There is another powerful factor that is involved with making changes from the heart, and that is coming to the realization that we cannot do it on our own.

Real heart change comes only through the power of the Spirit of God working in our lives. This is different than behavior change, which is done mostly in our own human efforts. When our human efforts fail, we continue to carry enormous guilt. The opposite result comes as we focus on change from the heart. This change will usually result in freedom within our thoughts, thus giving us the ability to think about life situations much more clearly. We also refer to the results of this type of change as bringing us inner peace.

Paul talked about ways to achieve inner peace as we change from the heart. He sited several concepts of life that will help our hearts grow. Some of these things are compassion, kindness, forgiveness, and bearing with each other. There are many ways to display these principles to others. God did not assign to us only one way to carry out any of these life principles. These principles are found as we seek God’s direction in each and every circumstance in our lives. And as we display them, we let others decide how to use them effectively. For example, if we are going to be compassionate to our spouses, we will let them define the most effective way to show compassion, otherwise it is nothing more than a selfish act.

There is another benefit in changing from the heart. It takes a lot of the pressure out of life. Behavior change usually results in trying to achieve perfection, and usually trying to make it quickly to avoid pain. This is real stress and anxiety and worry over what others will think of us. It often leaves us angry and defensive with others, as they point out our flaws. Heart change accepts our flaws as a part of who we are in the moments that they are revealed. The pain is used to help us change and grow. But the growth process is done without a sense of urgency. Change becomes a journey that is at times slow but consistent. Our flaws and weaknesses are seen as opportunities to work with those flaws so that they become more acceptable to others. Thus, our weaknesses do not totally define us as a person.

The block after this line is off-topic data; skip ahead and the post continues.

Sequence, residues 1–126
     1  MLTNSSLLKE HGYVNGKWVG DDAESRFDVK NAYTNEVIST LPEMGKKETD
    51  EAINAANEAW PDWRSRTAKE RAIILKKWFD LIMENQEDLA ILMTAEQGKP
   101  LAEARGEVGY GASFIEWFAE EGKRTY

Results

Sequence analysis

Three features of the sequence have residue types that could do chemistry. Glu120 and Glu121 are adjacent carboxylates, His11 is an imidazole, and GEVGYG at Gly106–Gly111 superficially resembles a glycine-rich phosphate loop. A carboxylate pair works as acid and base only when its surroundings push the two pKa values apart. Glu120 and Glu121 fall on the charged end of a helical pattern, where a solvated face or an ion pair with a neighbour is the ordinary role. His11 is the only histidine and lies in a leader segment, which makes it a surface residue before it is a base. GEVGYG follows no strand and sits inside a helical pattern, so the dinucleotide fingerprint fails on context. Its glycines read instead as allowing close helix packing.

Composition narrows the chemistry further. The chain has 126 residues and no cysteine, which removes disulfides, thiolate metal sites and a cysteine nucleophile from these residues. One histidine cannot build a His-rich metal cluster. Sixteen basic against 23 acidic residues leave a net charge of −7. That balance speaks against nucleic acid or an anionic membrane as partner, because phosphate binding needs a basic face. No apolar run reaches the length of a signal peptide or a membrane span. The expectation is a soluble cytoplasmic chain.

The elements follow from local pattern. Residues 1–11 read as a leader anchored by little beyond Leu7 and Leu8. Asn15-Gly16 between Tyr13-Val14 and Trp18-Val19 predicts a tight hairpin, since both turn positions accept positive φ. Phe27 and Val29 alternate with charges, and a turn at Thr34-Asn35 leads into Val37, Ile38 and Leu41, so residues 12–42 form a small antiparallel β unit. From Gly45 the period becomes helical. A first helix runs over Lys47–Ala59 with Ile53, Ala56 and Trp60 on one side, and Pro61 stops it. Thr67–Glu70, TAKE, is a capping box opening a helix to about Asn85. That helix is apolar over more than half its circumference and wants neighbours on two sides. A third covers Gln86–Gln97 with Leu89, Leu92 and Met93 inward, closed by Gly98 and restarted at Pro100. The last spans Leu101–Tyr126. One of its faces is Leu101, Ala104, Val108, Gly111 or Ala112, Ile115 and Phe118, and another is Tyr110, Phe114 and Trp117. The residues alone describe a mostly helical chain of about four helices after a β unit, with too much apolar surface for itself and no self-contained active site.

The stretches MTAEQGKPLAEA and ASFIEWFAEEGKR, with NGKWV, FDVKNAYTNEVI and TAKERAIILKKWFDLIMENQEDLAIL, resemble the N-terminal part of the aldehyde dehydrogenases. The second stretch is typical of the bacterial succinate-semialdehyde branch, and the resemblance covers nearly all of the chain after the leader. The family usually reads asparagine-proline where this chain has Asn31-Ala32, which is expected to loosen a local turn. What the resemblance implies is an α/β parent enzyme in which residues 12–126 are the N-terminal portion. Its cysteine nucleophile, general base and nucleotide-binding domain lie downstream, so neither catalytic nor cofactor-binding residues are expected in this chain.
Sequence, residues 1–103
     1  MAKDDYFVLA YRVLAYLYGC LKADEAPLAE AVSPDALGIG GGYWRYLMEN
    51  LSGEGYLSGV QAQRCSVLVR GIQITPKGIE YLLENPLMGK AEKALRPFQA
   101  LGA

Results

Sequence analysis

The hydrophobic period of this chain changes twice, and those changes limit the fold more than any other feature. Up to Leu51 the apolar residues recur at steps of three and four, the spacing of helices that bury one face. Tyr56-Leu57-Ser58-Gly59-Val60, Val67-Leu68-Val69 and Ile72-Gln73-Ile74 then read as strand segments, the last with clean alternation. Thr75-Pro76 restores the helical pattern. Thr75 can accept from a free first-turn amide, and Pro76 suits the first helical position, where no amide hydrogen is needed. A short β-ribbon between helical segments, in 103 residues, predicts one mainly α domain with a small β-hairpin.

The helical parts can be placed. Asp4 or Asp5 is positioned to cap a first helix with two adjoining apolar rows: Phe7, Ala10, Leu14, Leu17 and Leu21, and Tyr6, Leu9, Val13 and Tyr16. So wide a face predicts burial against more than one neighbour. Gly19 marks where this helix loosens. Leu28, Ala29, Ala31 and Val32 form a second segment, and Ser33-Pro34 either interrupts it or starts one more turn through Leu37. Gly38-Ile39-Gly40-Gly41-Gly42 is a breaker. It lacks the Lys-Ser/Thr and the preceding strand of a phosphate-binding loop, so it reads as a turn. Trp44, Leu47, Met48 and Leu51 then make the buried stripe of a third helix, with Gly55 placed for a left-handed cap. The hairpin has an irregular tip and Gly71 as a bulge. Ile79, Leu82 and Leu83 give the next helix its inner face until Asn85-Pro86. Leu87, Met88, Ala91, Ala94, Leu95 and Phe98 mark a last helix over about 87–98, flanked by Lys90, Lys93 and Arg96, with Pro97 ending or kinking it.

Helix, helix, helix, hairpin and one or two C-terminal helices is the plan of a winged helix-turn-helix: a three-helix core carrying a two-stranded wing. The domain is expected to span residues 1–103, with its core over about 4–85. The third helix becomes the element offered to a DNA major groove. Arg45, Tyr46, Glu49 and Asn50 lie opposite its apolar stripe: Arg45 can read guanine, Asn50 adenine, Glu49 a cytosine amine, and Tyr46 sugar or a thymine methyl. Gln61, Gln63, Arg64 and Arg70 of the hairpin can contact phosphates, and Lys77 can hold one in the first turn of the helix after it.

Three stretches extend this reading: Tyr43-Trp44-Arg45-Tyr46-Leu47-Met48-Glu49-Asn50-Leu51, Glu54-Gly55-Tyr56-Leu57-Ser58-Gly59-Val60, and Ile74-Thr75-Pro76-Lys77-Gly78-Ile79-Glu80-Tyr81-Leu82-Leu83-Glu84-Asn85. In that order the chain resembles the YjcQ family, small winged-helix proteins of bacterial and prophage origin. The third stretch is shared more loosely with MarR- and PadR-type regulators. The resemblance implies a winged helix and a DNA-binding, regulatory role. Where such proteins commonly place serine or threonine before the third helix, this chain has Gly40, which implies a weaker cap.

For help with sexual integrity, see Every Man’s Battle.
If you need help in other areas, please join us at our next New Life Weekend.

Challenging the Lies of the Heart

Bob Damrau

In Every Man’s Battle the enemy has his crosshairs set on our minds. What we do comes out of what we believe about ourselves, and in order to have a new life, not just a change of destructive behavior, we must examine our current belief system.

Since our thoughts have sustained a barrage of evil deception, the process of renewing our minds requires us to challenge the lies of the heart.

Webster defines the term belief as: ‘to have trust in or confidence in what is true.’ When we have confidence and place our trust in something we thought was true but was actually a lie, we have a false belief system. When we have confidence and place our trust in something that bears witness to the truth, we have a true belief system. So, how can we know a true belief from a false one?

True beliefs are based on the Word of God; Truth. False beliefs are based on fear. True beliefs support the value and growth of an individual. False beliefs diminish the value and growth of an individual. True beliefs are proven true through life experiences. False beliefs are proven false by destructive, self preserving behaviors. True beliefs create peace and confidence. False beliefs create anxiety and exhaustion.